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MUNICHThe representatives of workers at Allianz Deutschland A.G., where thousands of jobs are under threat in a major re-organisation, are claiming "significant" improvement in terms through a compromise agreement with the German company's management.
In a statement on Friday Allianz said that it plans to shed 2,479 full-time jobs by the end of 2007 and further 2,170 full-time jobs by the end of 2008 in addition to the 1,040 full-time jobs already shed by the end of October 2006.
Under German law it must, however, work with the worker's representatives to try and achieve as fair an approach as possible and, as one of Germany's major employers, the group has been under intense media and political scrutiny.
Allianz management and the worker's representatives today published what they call a "joint key-points" paper which calls for extensive provisions to safeguard employment and protect Allianz workers rights.
Under this understanding the company has agreed not to make any compulsory redundancies until the end of 2009. Also, in the course of 2009 the works councils and the management will conduct further talks on measures safeguarding employment (protection against dismissal) until 2012. "From the point of view of the works councils, already in the key points additional elements have been agreed in the employees' interest to ensure the socially balanced implementation of the new structure beyond the Social Plan agreed in April 2006 and the company's voluntary measures," stated Allianz.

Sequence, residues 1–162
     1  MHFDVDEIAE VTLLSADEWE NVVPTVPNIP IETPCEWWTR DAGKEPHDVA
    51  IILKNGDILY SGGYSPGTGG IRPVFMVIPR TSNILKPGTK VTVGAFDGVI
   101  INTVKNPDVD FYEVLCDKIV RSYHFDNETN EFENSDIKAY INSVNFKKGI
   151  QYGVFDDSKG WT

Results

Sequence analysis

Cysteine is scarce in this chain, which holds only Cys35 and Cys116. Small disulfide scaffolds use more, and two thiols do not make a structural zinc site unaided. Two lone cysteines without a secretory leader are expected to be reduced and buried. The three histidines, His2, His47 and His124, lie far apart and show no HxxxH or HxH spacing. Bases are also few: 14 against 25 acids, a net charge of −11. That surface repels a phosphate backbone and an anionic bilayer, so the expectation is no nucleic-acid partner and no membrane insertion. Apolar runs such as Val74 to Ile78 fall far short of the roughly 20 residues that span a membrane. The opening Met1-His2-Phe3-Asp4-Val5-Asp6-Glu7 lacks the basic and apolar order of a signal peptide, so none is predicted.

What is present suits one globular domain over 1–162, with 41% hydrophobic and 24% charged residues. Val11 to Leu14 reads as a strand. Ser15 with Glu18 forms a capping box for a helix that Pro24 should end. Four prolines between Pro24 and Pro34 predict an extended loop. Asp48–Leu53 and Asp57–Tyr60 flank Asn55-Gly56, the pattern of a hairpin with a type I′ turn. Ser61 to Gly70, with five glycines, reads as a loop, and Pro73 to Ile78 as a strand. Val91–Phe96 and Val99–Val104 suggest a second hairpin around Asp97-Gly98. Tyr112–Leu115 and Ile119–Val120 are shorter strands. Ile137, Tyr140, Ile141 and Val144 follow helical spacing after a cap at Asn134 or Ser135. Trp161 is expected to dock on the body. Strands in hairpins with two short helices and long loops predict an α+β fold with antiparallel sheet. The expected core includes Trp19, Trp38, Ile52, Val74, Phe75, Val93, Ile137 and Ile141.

"For the company, the agreement on the key points marks a major milestone on the road towards the successful introduction of the new operating model until the end of 2008.
The management and works councils will immediately begin negotiations on partial reconciliations in the service territories.
Both partners intend to conclude these talks by the end of the year and then put them swiftly into practice," it continued.
Norbert Blix, chairman of the expert committee on insurance for the core negotiation group and lead representative for the workers, said: "As works council representatives, we were particularly concerned with securing improved dismissal protection and solutions that safeguard jobs at those sites most severely affected by the reorganization, and on both counts we were able to achieve significant improvements for employees."